In a paint-spattered studio in a garage behind a yellow Victorian Sylvan Park house is where you’ll most likely find Cindy Wunsch, busily doing what she does best: creating canvases full of whimsy, poetry, and emotion. Entering her world is like being pulled into a prism of color. It is impossible to be sad around her or her work. That’s not to say that she is frivolous or lightweight—far from it. Some of her themes dig deep, putting our sensitivities on overload.
Standing at a worktable in the corner of her studio, Wunsch, who seems to have an inexhaustible supply of enthusiasm and passion, explains that she includes “good energy” in each of her creations. Wunsch’s paintings are done in lots of layers to eliminate what she calls “the fear of a blank canvas.” She starts with an image using oil pastel or charcoal and then applies color. As she talks, she squeezes paint from a tube onto the canvas, using the edge of a paint chip to spread the paint. “You get a different texture using thick paper than you get from paint brushes,” she explains. She also incorporates lots of fabric into her paintings, each piece creating another story on the canvas.
Many of Wunsch’s paintings include poetry that she often writes late at night. In her mind, she says, each painting has a mood, a feeling, one that changes as the painting’s layers change. Wunsch isn’t a typical journal writer but does jot down random thoughts and store them in a folder. Before her career change from the music industry, she “had all these thoughts, but I didn’t get to hear them.” Wunsch wonders how non-artistic people process the happy and hard times of life. “I can sit here and paint or write this poetry that mirrors my soul. And then it’s done. It’s therapeutic,” she says.
Sometimes Wunsch’s paintings are vision boards of how she wants her life to look or of dreams she has for herself and for other people. “I feel kind of selfish,” she says, “because most of the paintings I do are for me, but hopefully they end up translating into something for other people.” Many of her paintings become a version of a self-portrait. “The faces that I paint are more about me and how I feel on the inside and what I wish women felt more often. I find that women buy the face that looks the most like them.”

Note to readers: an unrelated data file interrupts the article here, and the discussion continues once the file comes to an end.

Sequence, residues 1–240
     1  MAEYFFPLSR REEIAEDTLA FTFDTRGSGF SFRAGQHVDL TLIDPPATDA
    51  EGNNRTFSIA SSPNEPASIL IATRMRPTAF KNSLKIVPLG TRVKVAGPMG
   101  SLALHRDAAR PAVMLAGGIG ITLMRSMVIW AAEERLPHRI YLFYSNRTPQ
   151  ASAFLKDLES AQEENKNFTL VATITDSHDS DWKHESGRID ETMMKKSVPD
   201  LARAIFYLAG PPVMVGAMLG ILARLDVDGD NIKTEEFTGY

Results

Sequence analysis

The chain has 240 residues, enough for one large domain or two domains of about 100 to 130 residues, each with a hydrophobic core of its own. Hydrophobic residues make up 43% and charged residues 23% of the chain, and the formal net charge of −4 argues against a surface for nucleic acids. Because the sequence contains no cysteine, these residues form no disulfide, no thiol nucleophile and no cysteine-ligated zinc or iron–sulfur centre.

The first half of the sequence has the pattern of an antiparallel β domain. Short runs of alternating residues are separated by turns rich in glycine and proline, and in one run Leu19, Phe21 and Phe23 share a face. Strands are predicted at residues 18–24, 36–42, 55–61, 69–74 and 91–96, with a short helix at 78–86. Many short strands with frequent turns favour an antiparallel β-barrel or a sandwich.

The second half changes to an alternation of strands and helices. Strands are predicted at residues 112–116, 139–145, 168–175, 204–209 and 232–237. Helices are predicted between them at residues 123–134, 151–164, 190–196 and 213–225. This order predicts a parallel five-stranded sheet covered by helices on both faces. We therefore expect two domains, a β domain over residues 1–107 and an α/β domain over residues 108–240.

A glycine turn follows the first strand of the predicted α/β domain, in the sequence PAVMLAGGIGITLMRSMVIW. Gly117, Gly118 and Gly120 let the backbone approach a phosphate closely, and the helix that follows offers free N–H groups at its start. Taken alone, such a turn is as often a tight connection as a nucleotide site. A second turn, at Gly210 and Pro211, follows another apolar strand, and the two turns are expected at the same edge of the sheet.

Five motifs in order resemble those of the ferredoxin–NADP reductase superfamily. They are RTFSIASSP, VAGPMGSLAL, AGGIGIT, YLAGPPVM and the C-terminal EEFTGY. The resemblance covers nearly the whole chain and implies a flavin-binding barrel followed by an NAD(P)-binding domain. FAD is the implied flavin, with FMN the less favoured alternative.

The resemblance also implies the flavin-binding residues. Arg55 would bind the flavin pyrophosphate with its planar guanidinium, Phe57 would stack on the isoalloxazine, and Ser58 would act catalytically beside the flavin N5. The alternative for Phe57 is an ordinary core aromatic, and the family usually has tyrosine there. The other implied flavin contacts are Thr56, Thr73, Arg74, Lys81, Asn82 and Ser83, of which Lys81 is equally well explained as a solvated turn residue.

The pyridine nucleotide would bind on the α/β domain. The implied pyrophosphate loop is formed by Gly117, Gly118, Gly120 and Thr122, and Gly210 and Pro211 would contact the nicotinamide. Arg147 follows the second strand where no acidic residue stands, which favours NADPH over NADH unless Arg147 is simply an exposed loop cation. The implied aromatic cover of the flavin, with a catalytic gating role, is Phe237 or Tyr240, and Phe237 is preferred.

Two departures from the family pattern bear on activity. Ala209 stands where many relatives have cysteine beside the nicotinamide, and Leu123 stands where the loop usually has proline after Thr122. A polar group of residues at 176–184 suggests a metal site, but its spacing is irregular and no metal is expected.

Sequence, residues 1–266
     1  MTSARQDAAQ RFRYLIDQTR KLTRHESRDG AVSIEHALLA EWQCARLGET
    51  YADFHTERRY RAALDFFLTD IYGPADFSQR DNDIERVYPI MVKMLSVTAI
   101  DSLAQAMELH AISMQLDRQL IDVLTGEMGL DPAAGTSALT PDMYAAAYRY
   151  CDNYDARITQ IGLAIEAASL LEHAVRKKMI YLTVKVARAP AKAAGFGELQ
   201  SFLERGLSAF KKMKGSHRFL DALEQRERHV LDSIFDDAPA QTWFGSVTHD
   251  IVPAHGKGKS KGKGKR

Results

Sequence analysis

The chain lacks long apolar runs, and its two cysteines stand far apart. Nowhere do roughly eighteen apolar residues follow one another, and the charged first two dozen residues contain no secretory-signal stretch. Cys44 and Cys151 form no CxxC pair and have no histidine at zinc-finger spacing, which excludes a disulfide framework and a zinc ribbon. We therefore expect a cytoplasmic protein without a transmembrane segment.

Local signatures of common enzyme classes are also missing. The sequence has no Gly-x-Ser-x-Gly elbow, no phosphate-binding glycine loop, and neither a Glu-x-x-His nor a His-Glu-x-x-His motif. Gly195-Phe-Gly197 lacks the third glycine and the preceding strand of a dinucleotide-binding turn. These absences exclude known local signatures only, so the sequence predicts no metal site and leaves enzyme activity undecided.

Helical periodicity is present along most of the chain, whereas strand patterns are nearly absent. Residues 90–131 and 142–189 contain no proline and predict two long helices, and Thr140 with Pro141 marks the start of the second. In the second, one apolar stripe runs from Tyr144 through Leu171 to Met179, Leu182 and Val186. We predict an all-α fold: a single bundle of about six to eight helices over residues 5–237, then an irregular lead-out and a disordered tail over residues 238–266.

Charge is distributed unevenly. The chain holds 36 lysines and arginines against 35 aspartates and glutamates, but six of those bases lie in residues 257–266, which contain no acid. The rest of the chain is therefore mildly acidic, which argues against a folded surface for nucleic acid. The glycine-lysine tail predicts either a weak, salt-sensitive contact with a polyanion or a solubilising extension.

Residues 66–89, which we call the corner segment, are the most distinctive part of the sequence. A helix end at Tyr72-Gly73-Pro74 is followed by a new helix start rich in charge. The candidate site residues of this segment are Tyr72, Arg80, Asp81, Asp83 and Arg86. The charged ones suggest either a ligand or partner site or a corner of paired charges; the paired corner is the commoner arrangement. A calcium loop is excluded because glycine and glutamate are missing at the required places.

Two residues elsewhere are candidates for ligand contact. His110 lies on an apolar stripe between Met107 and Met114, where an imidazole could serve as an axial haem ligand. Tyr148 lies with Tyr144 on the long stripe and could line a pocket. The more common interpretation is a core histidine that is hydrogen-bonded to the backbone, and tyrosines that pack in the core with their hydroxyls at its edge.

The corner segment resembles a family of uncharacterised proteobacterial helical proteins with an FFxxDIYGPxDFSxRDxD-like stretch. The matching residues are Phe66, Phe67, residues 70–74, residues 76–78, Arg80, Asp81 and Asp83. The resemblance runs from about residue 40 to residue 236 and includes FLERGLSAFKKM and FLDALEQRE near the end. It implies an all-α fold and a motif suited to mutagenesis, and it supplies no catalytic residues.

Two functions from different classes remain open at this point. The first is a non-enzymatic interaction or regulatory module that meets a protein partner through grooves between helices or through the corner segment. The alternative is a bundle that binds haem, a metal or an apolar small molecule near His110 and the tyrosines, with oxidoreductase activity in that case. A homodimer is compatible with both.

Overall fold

Experiencing Wunsch’s work, one quickly sees that women’s faces and birds are recurring themes in her work, though she didn’t start out painting a lot of either. “I love birds,” she explains. “I feel like they represent a lot of light and airy stuff.” For Wunsch, birds, which can see things for miles around them, also represent a perspective ground-bound humans don’t always get. Though some of Wunsch’s painted faces may appear sad or pensive, she tries “to make the faces look open and vulnerable, as in not afraid and open to good things.”
As much as her art comes from her own story, it’s clearly about helping express other people’s stories too. She describes her I Wonder if He Knows How Much I Miss Him painting and all the different ways it resonated with its viewers. For one woman it spoke of her deceased husband, for another a son who had committed suicide, for another a husband serving in Iraq.
Similarly, Wunsch loves watching what happens to people who participate in her workshops when they “become unweighted” as they pour out their story on canvas. “I love it,” she says simply, her eyes widening to emphasize her delight.
Wunsch says, “Now that I’m truly doing what my heart tells me to do, it’s not like I have a whole lot of security, but it all works out. And now I feel the most whole.” The uncertainty inherent in earning a living as an artist “is scary, but I think it’s more scary if you never discover who you are or what your heart is trying to tell you. I’ve finally figured out that this is what I do well.”
Now that she’s found that place, there’s no longer any internal struggle, a possibility she previously didn’t know existed. Now she goes through every day wondering how she deserved this good fortune.
Cindy Wunsch shows at A Thousand Faces, Art & Invention Gallery, and Bennett Galleries. www.cindywunsch.com.
by Kami L. Rice | photography by Brad Jones